The other factor to consider is whether there are any new attractions since your last visit. Since you were in Orlando last September, the only headliner attractions that Disney has added are at Disney’s Hollywood Studios: American Idol Experience and Toy Story Midway Mania. You should also include time for the new Kim Possible missions at Epcot’s World Showcase.

Once you have a list of attractions for each park, you have the beginnings of your touring plans. Now you’ll just have to put ’em all in order. We usually consult the Unofficial Guide or TourGuideMiKE for help with that. Decide if and where you’d like to make a couple Advanced Dining Reservations.

Another thing to consider, if budget allows, is to select something special to do on the trip. Consider a pirate cruise (which leaves from various resorts) or other special program geared toward children. They will have a magical experience to remember. Sometimes adding a very special treat to the trip will help eliminate sad feelings if someone realizes there was an attraction that you missed. You can book these experiences at 407-WDW-PLAY.

Also, be sure that you aren’t on the go all the time. Family vacations are times to just enjoy each others company. Build in some pool time, some smell-the-roses time. Then pull it all together, and you’ve got the makings of a fab vacation.

Q. I have been reading about the wonderful offer Disney is extending to active and retired military. The question that I can’t seem to find the answer to is: “Am I eligible?” I am the widow of a retired Air Force Chief. I have a military ID card and full benefits. Since I still have all the benefits that I had when my husband was alive, do I qualify for this offer? (Submitted by Barbara M)

A. Barbara, we knew right off that you wouldn’t be able to get the free ticket, as no spouses are eligible for that offer. But spouses are eligible to purchase the discounted companion tickets, so you should be “good to go.” Let’s see how it will work.

First the facts, for readers who aren’t familiar with this Disney offer. Through December 23, 2009, all active or retired members of the U.S. military can get a free five-day “Disney’s Armed Forces Salute” ticket for Walt Disney World, which includes the park hopper and Water Park Fun & More options. In addition, the military/retired member may buy up to five additional five-day companion tickets, at $99 plus tax a pop (these tickets do not include hopping or Water Park Fun & More, which may be added for $25 plus tax). At Disneyland, the military offer is valid through June 12, 2009, and is for a complimentary three-day park hopper. Three-day park-hopper companion tickets can be purchased for up to five family members or friends for the price of an adult 1-Day Park Hopper ticket. You can get the tickets at participating U.S. military base ticket offices, at Shades of Green (Walt Disney World), or at any theme park ticket window. Companion tickets purchased at a military base or at Shades of Green are tax-free. Tickets at Walt Disney World must be used by December 23, 2009. At Disneyland, tickets must be used by June 25, 2009.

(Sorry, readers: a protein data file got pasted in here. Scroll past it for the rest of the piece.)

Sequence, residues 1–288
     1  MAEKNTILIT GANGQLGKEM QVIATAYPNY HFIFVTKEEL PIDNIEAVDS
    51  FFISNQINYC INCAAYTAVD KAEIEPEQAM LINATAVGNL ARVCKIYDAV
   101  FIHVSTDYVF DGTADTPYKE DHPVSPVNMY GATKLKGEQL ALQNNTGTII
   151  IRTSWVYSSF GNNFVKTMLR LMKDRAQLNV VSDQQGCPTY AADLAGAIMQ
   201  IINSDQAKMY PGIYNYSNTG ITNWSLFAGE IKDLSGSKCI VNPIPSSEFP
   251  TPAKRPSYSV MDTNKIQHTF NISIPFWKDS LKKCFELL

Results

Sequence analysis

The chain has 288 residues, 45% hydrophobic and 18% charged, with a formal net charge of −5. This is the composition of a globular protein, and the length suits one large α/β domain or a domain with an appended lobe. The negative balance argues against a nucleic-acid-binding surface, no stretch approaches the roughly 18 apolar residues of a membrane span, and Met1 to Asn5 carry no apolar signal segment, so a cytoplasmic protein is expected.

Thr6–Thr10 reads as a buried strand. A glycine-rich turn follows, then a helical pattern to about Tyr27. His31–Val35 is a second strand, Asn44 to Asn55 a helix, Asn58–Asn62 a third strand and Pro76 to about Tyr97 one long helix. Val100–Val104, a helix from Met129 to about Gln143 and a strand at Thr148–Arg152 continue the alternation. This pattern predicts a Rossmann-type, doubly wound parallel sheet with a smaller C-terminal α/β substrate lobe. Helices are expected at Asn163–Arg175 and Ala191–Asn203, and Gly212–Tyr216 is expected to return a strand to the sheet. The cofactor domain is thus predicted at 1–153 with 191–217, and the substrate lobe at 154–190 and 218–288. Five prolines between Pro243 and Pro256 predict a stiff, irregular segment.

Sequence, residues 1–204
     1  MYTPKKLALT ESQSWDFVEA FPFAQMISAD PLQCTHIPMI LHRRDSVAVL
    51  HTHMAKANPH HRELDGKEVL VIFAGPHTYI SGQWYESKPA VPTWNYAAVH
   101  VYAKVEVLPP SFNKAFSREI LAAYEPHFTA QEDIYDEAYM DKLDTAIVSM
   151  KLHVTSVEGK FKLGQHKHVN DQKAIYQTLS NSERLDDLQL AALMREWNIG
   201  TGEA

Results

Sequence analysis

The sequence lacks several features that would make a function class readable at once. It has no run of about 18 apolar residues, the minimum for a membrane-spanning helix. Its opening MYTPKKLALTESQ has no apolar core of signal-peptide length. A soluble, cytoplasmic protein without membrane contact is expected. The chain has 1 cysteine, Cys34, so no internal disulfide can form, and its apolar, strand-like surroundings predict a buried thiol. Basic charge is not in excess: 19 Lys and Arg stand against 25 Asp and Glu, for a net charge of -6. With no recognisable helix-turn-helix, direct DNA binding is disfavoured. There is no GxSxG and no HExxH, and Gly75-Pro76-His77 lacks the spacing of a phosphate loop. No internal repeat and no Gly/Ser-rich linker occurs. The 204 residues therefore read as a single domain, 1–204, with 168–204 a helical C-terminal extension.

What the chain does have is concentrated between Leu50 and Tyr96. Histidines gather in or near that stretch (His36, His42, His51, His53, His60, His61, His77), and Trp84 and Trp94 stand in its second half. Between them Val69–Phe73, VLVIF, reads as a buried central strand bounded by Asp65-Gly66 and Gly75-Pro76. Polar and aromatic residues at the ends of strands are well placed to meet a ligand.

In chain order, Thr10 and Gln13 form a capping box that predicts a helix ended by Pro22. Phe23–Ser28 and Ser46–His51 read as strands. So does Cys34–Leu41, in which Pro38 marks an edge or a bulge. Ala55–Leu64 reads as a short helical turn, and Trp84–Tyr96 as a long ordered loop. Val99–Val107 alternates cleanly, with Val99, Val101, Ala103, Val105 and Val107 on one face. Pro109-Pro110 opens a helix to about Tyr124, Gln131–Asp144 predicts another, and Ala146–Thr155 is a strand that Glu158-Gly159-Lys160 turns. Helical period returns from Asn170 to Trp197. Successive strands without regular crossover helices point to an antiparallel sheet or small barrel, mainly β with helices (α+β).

Here are a couple good sources for additional information:

This is a wonderful offer from Disney, but it might not be the best option for all military families. If you are planning a vacation that includes more than five theme-park days, know that you cannot add days to these tickets. You will have to buy additional ticket media. The cost of buying a one- or two-day ticket to round off your vacation may negate the savings of the initial discounted five-day ticket. Just be sure you do the math before assuming this is the best deal for your family’s planned vacation. You might find you’re better off just taking advantage of Disney’s discounted resort rates for the military.

Thanks for your family’s service, Barbara, and enjoy your time at Disney World.